Despite a plethora of definitions, there is no universal agreement on the conceptualisation of cybersecurity globally. This has manifested into the long-drawn deliberations at various international fora.

Cybersecurity aims to counter and tackle a constantly evolving threat landscape. Although it is difficult to build consensus on a singular definition, a few key features can be agreed upon. For example, the definition must address interdisciplinarity inherent to cyber security, its dynamic nature and the multi-level complex ecosystem cyber security exists in. A multidisciplinary definition can aid authorities and organizations in having visibility and insight as to how new technologies can affect their risk exposure. It will further ensure that such risks are suitably mitigated. To effectuate cyber-resilience, stakeholders have to navigate governance, policy, operational, technical and legal challenges.

An inclusive definition can ensure a better collective response and bring multiple stakeholders to the table. To institutionalise greater emphasis on resilience an inclusive definition can foster cooperation between various stakeholders rather than a punitive approach that focuses on liability and criminality. An inclusive definition can enable a bottom-up approach in countering cyber security threats and systemic incidents across sectors. It can also further CERT-In’s information-sharing objectives through collaboration between stakeholders under section 70B of the IT Act.

When it comes to the regulation of technologies that embody socio-political values, contrary to popular belief that technical deliberations are objective and value-neutral, such discourse (in this case, the definition) suffers from the dominance of technical perspectives. For example, the definition of cybersecurity under the National Institute of Standards and Technology (NIST) framework is, “the ability to protect or defend the use of cyberspace from cyber-attacks” directs the reader to the definitions of cyberspace and cyberattack to extensively cover its various elements. However, the said definitions also has a predominantly technical lens.

Alternatively, definitions of cyber security would benefit from inclusive conceptions that factor in human engagements with systems, acknowledge interrelated dimensions and inherent complexities of cybersecurity, which involves dynamic interactions between all inter-connected stakeholders. An effective cybersecurity strategy entails a judicious mix of people, policies and technology, as well as a robust public-private partnership.

Cybersecurity is a broad term and often has highly variable subjective definitions. This hinders the formulation of appropriately responsive policy and legislative actions. As a benchmark, we borrow the Dan Purse et al. definition of cybersecurity– “the organisation and collection of resources, processes, and structures used to protect cyberspace and cyberspace-enabled systems from occurrences that misalign de jure from de facto property rights.” The benefit of this articulation is that it necessitates a deeper understanding of the harms and consequences of cyber security threats and their impact. However, this definition cannot be adopted within the Indian legal framework as (a) property rights are not recognised as fundamental rights and (b) this narrows its application to a harms and consequences standard.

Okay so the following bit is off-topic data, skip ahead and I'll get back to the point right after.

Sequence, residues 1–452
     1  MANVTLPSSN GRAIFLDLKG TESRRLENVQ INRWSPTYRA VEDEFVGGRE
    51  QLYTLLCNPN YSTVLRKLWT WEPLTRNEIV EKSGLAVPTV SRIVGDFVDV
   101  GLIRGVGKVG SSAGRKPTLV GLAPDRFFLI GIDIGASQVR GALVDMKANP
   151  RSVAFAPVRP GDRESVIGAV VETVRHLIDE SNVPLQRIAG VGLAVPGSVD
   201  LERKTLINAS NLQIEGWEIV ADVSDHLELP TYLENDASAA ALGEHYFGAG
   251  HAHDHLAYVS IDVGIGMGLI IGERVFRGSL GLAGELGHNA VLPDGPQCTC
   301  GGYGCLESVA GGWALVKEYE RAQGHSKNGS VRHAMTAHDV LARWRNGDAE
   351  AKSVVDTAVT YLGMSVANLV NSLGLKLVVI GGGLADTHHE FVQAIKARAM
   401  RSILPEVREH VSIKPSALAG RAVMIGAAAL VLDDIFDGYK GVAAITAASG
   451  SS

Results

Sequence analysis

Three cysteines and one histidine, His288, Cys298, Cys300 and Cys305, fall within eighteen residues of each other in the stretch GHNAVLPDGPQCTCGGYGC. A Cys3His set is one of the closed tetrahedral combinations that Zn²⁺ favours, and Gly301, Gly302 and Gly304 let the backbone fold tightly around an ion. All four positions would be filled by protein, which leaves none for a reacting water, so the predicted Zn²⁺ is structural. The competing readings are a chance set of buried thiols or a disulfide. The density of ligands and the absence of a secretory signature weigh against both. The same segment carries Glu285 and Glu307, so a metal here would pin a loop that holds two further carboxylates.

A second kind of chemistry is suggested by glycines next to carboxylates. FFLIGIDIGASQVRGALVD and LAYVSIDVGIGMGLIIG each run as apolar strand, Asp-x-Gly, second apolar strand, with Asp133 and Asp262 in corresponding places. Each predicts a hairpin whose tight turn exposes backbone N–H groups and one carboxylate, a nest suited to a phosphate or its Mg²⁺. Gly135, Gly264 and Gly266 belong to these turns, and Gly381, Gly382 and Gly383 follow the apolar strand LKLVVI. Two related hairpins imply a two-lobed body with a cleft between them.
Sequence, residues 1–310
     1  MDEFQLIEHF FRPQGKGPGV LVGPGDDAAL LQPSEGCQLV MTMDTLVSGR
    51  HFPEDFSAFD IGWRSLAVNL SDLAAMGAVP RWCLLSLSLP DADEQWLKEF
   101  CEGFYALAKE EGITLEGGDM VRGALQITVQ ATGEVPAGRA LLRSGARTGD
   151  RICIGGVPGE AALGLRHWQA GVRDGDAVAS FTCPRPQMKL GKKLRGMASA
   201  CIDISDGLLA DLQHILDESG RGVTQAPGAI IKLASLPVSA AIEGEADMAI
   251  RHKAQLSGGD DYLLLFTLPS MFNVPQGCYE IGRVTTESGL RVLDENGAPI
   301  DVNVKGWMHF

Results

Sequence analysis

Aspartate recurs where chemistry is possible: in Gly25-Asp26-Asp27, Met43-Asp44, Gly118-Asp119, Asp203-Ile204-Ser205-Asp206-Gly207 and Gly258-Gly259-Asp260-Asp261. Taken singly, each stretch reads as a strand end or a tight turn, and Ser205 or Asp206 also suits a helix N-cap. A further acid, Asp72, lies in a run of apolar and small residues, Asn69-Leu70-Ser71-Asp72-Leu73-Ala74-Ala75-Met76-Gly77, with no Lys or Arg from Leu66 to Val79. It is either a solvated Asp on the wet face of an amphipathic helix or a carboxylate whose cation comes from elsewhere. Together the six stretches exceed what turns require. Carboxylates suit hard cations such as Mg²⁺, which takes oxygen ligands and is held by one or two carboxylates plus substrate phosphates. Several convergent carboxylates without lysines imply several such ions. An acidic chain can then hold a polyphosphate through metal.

Most importantly, the authors identify five common elements to form a holistic and effective approach towards defining cybersecurity. The following elements are from a literature review of 9 cybersecurity definitions are:

  • technological solutions
  • events
  • strategies, processes, and methods
  • human engagement; and
  • referent objects.

These elements highlight the complexity of the process and involve interaction between humans and systems for protecting the digital assets and themselves from various known and unknown risks. Simply put, any unauthorized access, use, disclosure, disruption, modification or destruction results in at least, a loss of functional control over the affected computer device or resource to the detriment of the person and/or legal entity in whom lawful ownership of the computer device or resource is vested. The definition codified under the IT Act only partly captures the complexity of ‘cyber security’ and its implications.


Economic interest is a core objective that necessitates cyber-resilience. Recognising the economic consequences of such attacks rather than protecting limited resources such as computer systems acknowledges the complex approaches to cybersecurity. Currently, the definition of cybersecurity is dominated by technical perspectives, and disregards other disciplines that should be ideally acting in concert to address complex challenges. Cyber-resilience can be operationalised through a renewed definition; divergent approaches within India to tackle cybersecurity challenges will act as a strategic barrier to economic growth, data flow, investments, and most importantly effective security. It will also divert resources away from more effective strategies and capacity investments. Finally, the Indian approach should evolve and stem from the threat perception, the socio-technical character of the term, and aim to bring cybersecurity stakeholders together.